Epaphroditus


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Epaphroditus

(ēpăfrōdī`təs), in the New Testament, messenger from the Philippians to Paul in Rome.
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References in periodicals archive ?
(26) What must remain undiscussed in this contribution is how Paul presents two of his coworkers, Epaphroditus and Timotheus; it can well be argued that he presents both as exempla of the kind of (masculine) identity that he thinks is desirable, or even required "in Christ."
In 1916, Epaphroditus Peck undertook an examination of a claim by suffragists that women needed the vote to correct legal injustices.
(7) As can be expected given his ethical and pedagogical interests, Epictetus' major (or even exclusive) concern lies in the way we deal with hormetic impressions, i.e., impressions that present to us a certain course of action as worth pursuing or avoiding: whereas my assent to an impression such as 'Epaphroditus has died' will not directly become the cause of any impulse to act, such an impulse will necessarily follow once I we assent to an impression such as 'it is appropriate for me to grieve for Epaphroditus' death'.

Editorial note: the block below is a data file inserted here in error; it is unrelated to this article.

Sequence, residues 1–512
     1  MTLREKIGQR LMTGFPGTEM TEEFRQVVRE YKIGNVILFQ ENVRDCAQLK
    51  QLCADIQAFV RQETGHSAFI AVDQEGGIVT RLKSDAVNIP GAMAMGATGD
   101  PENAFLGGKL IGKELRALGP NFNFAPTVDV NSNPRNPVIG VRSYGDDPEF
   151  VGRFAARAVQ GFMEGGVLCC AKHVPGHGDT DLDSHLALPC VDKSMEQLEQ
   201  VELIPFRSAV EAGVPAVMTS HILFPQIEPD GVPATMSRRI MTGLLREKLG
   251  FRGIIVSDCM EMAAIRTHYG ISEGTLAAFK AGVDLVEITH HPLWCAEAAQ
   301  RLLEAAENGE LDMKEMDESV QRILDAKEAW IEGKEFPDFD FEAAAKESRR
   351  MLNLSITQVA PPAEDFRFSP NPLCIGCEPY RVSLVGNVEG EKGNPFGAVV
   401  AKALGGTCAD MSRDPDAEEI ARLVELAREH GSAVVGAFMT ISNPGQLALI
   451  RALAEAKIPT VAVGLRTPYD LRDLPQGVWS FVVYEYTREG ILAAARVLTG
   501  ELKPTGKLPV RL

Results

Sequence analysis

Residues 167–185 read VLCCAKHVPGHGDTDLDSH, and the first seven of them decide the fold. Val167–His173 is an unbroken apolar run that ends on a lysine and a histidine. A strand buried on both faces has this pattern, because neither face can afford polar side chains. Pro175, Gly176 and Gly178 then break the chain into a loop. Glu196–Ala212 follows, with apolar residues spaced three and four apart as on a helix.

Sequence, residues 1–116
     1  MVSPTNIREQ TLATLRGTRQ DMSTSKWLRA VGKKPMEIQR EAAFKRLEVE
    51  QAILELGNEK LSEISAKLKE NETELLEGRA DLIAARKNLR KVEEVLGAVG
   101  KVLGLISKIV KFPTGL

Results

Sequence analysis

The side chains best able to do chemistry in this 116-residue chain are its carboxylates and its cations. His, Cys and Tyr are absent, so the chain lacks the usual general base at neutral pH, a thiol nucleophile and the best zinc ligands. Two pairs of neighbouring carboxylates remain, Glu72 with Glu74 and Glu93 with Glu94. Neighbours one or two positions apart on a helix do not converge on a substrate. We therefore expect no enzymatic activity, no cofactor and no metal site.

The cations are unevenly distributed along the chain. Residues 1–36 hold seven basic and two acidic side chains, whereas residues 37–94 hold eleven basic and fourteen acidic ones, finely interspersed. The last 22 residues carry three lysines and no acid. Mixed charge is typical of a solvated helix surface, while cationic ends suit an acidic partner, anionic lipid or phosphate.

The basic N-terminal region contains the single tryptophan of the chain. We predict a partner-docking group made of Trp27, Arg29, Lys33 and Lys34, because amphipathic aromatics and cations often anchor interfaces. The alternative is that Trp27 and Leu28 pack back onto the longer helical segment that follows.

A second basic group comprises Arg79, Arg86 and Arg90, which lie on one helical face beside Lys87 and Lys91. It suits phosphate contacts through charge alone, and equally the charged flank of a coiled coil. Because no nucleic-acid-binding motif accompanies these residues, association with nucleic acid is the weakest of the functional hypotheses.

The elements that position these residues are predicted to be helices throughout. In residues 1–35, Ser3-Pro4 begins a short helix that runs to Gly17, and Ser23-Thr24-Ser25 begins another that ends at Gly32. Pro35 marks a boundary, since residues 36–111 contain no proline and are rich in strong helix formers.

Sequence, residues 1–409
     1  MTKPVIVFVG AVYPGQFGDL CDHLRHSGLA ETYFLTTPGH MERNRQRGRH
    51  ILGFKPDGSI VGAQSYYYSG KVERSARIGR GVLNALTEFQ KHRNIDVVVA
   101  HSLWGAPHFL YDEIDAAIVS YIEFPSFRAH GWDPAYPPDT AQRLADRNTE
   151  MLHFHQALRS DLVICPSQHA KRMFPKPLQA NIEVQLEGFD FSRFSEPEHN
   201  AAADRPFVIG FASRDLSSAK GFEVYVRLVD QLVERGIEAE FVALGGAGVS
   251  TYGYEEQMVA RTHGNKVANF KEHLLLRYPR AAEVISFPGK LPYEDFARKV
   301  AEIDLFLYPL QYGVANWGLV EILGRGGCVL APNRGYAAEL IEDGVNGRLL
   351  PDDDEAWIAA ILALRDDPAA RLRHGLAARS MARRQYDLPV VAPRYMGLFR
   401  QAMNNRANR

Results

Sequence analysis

(66) Understanding "apostles" to extend beyond "the Twelve," Paul makes room for women among the apostles for two reasons: they could be witnesses to the risen Christ (for this qualification of apostleship see, e.g., 1 Cor 9:1) and sent on mission for Christ, like Epaphroditus (Phil 2:25; 4:18).
Only as the horsemen arrived to arrest him did he plunge a dagger into his throat, aided by Epaphroditus, his secretary or a libellis (Ner.
Later Paul will add Timothy, Epaphroditus and himself (of course) to the roster of Christians worth emulating.
He also refers to stressor events focused on individuals such as Epaphroditus and dyads such as Euodia and Syntyche.
that Epaphroditus (Epictetus's master), allowed Epictetus to study philosophy and it is eventually receiving his freedom that Epictetus started lecturing on his own account.
The grammarian Epaphroditus; testimonia and fragments.